Duterte: Party list has turned ‘evil,’ abused by the rich
President Duterte has slammed the exploitation of the party list system by rich people, whom he accused of using their money to squeeze themselves into Congress.
“Everyone involved there are the rich. The rich people fund the party list,” the President said in his speech at the oathtaking of newly elected local officials in Cagayan de Oro City on Wednesday night.
“They are named after laborers, but their nominees are the millionaires so they stay in power there,” he said.
Duterte said the party list system—which was originally meant to give representation to the “marginalized” sectors—had become “one evil” abused by the rich.
Wealthiest in House
He made the statement amid reports that the wealthiest member of the House of Representatives, Michael “Mikee” Romero, was the first nominee of the party list 1-Pacman in the 17th and the incoming 18th Congress.
Romero, the president of the Partylist Coalition Foundation in the House, reported a net worth of P 7.9 billion.
Through privately held F&S Holdings, the Romero family bought out two major shareholders of budget airline AirAsia Philippines, increasing its share in the company from 15.7 percent to 44.5 percent.
The second richest party list representative is Virgilio Lacson of Manila Teachers with a net worth of P793.87 million.
Other wealthy party list representatives include Delphine Lee (Agri, P254.3 million), Jesulito Manalo (Angkla, P124.5 million), and Milagros Magsaysay (Senior Citizen, P95.7 million).
The party list system law, or Republic Act No. 7941, which was signed in 1995, was meant to provide congressional representation for the “marginalized and underrepresented sectors, organizations and parties,” including labor, the peasantry and fishermen, women and the urban poor, elderly and handicapped.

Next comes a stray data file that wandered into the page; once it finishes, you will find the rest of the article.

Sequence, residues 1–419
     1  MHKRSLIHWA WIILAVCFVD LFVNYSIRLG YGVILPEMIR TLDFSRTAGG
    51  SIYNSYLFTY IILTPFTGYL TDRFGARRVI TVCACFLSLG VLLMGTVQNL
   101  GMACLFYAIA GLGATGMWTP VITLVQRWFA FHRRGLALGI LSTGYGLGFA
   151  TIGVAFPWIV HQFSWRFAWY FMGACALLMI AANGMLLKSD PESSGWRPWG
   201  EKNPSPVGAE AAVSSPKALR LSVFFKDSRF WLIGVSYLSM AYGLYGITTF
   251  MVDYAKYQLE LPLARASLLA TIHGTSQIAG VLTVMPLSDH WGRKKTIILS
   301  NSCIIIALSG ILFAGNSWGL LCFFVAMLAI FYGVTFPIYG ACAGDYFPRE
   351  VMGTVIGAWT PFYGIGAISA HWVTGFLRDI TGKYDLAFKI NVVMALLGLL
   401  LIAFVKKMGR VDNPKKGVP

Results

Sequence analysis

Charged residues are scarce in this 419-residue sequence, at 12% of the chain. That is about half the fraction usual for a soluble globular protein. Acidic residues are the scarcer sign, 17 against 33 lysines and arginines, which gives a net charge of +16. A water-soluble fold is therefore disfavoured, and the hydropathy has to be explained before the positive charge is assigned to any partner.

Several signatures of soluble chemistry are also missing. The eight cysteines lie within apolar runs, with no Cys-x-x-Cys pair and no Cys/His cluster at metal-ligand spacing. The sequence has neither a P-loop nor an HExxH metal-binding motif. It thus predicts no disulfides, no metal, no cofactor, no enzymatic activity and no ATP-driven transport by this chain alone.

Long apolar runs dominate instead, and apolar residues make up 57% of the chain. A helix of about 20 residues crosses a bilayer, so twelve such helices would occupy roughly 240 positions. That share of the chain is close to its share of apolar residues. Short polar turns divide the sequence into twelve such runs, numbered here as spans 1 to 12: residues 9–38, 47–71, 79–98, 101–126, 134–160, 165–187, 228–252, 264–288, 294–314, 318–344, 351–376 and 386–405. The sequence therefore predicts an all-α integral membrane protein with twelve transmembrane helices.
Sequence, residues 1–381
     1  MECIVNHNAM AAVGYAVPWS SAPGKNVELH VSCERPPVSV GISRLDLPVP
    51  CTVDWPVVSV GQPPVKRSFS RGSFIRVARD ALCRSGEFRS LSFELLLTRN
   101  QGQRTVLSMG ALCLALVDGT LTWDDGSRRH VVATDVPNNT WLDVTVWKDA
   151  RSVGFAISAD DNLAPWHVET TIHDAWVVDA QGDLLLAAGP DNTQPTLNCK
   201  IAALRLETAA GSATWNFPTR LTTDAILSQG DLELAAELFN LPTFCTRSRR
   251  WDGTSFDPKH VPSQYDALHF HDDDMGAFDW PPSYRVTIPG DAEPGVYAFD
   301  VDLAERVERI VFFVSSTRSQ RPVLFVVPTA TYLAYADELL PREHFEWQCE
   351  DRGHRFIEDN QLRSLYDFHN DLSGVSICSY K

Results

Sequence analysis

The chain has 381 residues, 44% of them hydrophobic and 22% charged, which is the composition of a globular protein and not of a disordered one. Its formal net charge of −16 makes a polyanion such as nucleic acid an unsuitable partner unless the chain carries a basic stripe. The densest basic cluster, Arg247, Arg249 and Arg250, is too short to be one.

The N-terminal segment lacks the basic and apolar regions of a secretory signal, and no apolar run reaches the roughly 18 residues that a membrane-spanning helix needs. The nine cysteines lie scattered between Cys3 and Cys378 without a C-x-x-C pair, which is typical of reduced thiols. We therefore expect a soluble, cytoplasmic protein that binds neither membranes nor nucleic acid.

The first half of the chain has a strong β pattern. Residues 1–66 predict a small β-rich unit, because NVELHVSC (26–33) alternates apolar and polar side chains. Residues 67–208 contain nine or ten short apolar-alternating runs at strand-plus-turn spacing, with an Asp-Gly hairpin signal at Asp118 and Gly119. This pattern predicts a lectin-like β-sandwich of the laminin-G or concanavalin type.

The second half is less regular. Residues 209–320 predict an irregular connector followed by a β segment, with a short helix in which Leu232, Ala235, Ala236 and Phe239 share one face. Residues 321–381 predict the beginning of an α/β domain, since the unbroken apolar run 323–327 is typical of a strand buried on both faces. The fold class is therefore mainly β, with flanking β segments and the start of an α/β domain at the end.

Under the law, 20 percent of the members of the House is to be allocated to party list groups.
Presidential spokesperson Salvador Panelo said the President was simply “expressing an idea” that party list groups should truly represent the marginalized sectors.
But, Panelo said, the approval of the party list representatives was up to the Commission on Elections “since they are the ones qualifying the nominees.”
Duterte was “expressing an idea and that’s for the Comelec to respond to it,” he said.
Asked why the President endorsed some party list groups that did not represent the marginalized, Panelo said it was possible that their nominees “might have a record of truly fighting for principles.”
Call for review
Sen. Grace Poe on Thursday said she wanted a review of the party list law.
“The problem is with our laws and the decisions of the Supreme Court, that’s why these things managed to slip past us,” she said. “Maybe it should be revisited because some claim to be youth representatives but are not from the youth themselves.”
Data from the House show that Romero is one of the chamber’s two billionaires and that his net worth is larger than the combined wealth of the next 12 wealthiest members of the House, which has 282 millionaires.
The second richest member is Negros Occidental Rep. Alfredo Abelardo “Albee” Benitez, with a net worth of about P1.02 billion.
In all, 41 of the 291-member chamber are multimillionaires with a net worth of at least P100 million each.
Among the top multimillionaires are outgoing Ilocos Norte Rep. Imelda Romualdez Marcos (P923.8 million), former Speaker and outgoing Quezon City Rep. Feliciano “Sonny” Belmonte Jr. (P864.75), Marikina Rep. Bayani Fernando (P748 million), and Davao del Norte Rep. Antonio Floirendo (P714.6 million).
Only seven House members are not millionaires, four of them from the militant Makabayan bloc—Ariel Casilao (Anakpawis), France Castro (ACT Teachers), Arlene Brosas (Gabriela) and Sarah Elago (Kabataan), who is the “poorest” with a net worth of P85,400.
Other lawmakers who are not millionaires are Pepito Pico (Diwa), Gabriel Bordado Jr. (third district, Camarines Sur) and Paul Hernandez (Kabayan).
Subscribe to INQUIRER PLUS to get access to The Philippine Daily Inquirer & other 70+ titles, share up to 5 gadgets, listen to the news, download as early as 4am & share articles on social media. Call 896 6000.